LANSING — Michigan on Friday eased outdoor stadium capacity restrictions before baseball’s Opening Day but ordered weekly testing of teen athletes amid a climbing coronavirus case rate that ranks fourth nationally over the past week.
Gov. Gretchen Whitmer said, for now, she does not plan to tighten COVID-19 restrictions — noting ongoing vaccinations while also citing concerns about virus variants that more easily spread.
“If we all take our own personal responsibility here, we can keep these things reengaged and do it safely,” the Democratic governor said during a news conference, in which a top state health official warned the state may be at the beginning of a third surge.
Under a revised health order that takes effect Monday, certain outdoor arenas and stadiums — including the Detroit Tigers’ Comerica Park — can seat 20% of their capacity if they have an infection-control plan that complies with state guidelines. The cap, which has been 1,000, will rise to around 8,000 for Tigers games.
Starting April 2, all athletes ages 13 to 19 must participate in a weekly coronavirus testing program.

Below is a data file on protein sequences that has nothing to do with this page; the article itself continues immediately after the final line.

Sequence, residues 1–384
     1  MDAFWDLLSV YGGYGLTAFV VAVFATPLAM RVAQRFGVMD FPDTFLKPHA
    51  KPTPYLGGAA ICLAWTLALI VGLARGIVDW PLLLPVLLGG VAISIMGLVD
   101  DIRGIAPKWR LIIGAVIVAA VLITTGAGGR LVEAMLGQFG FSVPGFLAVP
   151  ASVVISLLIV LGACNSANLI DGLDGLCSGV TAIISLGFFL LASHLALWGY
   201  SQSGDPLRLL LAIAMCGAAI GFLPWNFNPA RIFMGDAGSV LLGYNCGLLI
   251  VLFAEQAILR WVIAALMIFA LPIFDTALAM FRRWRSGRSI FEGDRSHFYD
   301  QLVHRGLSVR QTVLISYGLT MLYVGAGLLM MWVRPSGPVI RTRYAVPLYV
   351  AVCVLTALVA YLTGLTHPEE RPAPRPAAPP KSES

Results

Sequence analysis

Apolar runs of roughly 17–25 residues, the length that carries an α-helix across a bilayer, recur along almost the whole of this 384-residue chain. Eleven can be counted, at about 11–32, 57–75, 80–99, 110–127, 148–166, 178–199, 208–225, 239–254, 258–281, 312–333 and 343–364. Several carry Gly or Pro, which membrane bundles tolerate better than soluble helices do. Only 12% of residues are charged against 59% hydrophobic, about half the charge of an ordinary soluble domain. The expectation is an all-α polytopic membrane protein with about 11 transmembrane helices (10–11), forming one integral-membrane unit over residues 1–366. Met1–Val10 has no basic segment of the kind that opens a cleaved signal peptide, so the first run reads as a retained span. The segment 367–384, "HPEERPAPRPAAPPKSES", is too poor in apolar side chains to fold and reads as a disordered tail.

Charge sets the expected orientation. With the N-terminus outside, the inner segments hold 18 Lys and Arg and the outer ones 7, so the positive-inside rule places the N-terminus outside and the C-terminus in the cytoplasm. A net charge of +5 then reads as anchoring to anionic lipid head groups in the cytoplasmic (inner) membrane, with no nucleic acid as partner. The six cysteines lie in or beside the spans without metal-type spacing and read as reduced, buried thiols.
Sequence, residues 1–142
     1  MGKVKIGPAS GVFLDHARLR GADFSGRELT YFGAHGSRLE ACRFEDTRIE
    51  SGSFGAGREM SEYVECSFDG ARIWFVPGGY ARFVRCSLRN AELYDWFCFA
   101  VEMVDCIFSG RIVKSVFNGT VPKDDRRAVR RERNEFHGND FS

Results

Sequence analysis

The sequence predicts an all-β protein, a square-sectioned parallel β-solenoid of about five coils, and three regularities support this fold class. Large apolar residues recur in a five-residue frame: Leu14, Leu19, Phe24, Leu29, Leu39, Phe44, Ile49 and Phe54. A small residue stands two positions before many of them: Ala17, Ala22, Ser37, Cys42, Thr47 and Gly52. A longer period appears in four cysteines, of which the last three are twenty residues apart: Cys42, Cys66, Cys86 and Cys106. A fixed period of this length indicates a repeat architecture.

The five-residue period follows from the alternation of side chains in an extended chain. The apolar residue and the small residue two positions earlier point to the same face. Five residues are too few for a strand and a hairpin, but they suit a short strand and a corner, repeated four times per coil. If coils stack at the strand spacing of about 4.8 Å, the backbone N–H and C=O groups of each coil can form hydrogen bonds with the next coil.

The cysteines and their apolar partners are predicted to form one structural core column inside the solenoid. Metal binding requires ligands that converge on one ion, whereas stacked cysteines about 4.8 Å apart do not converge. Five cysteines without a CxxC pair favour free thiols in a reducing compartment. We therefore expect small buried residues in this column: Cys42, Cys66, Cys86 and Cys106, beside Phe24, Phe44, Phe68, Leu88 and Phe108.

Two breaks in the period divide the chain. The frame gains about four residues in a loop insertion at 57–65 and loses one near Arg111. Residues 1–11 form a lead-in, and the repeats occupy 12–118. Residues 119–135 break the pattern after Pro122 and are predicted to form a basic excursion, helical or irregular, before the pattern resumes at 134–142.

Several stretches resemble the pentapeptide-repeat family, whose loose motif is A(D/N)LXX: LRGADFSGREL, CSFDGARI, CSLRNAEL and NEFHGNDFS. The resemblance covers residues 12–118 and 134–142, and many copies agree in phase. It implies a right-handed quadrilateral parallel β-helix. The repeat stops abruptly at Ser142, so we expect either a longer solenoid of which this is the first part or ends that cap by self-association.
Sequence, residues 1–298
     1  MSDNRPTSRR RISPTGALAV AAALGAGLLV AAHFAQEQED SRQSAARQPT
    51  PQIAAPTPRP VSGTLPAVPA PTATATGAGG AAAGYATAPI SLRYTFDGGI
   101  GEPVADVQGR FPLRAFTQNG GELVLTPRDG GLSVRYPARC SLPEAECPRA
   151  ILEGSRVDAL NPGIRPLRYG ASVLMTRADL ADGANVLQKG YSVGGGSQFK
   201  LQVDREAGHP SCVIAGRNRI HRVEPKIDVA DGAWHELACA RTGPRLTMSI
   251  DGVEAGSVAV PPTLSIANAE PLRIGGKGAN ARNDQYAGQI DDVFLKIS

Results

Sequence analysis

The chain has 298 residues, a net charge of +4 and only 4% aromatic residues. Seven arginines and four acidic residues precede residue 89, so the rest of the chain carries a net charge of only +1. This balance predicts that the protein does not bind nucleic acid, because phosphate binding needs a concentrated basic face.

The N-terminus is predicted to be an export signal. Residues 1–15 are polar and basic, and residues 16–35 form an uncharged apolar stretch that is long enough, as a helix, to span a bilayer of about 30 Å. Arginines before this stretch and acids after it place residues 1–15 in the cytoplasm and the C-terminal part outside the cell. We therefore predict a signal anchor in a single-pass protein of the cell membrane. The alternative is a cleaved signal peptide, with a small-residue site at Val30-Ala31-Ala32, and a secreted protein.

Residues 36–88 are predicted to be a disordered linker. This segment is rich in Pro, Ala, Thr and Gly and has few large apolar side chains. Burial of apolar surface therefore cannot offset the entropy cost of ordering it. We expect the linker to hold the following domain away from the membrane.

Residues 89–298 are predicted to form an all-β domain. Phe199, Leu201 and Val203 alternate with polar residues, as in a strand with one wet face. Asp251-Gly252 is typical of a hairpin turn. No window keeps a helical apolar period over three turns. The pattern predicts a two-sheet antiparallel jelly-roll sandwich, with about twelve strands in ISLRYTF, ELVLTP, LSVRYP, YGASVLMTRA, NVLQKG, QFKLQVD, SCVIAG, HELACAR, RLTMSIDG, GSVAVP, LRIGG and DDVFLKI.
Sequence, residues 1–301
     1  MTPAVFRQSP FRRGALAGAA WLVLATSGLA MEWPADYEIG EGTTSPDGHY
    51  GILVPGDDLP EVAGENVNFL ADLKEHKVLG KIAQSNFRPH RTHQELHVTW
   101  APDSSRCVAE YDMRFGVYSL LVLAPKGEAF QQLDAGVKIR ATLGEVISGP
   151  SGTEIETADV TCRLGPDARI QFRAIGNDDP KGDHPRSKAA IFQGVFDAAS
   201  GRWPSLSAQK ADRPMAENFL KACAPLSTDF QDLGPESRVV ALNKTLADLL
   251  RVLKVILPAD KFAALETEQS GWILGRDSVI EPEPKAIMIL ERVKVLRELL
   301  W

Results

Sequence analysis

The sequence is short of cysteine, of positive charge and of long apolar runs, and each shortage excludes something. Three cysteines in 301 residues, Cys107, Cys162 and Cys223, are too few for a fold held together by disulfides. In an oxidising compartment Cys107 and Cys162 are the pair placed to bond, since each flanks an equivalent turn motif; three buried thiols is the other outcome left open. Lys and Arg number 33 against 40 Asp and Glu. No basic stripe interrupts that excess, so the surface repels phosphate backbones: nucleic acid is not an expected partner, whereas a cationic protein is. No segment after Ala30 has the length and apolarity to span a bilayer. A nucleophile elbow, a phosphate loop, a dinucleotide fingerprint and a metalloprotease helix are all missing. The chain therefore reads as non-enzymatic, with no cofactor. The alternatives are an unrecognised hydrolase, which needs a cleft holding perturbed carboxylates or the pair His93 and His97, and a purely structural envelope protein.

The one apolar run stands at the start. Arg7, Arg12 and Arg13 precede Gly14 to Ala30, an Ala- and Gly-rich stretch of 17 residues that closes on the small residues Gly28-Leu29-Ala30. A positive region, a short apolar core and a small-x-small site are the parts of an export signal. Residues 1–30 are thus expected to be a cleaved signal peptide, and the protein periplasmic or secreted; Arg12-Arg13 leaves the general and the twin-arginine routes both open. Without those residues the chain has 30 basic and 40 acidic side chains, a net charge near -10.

Dr. Joneigh Khaldun, Michigan’s chief medical executive, pointed to 315 outbreaks associated with sports teams in January and February.
“We want to identify any cases as soon as possible and prevent spread,” she said.
The order also will let people go unmasked at residential gatherings if everyone has been vaccinated, which aligns with recent guidance from the Centers for Disease Control and Prevention.
Michigan’s COVID-19 case and positivity rates have been rising for a month. Related hospitalizations have gone up the past two weeks. School-related outbreaks for the first time exceeded those in long-term care facilities, which Khaldun attributed to vaccinating staff and residents but also said speaks to the risk of children’s activities such as sports.
“The most important thing we all want for our children is to have in-person learning and not have school closures,” she said.
Khaldun expressed concern about the state’s virus numbers.
“I know it’s getting warmer, vaccines are rolling out and people are tired of this pandemic. But we’re not out of the woods yet,” she said, saying Michigan may be on the verge of another surge. “How this plays out depends on what we all do collectively to protect ourselves and our families.”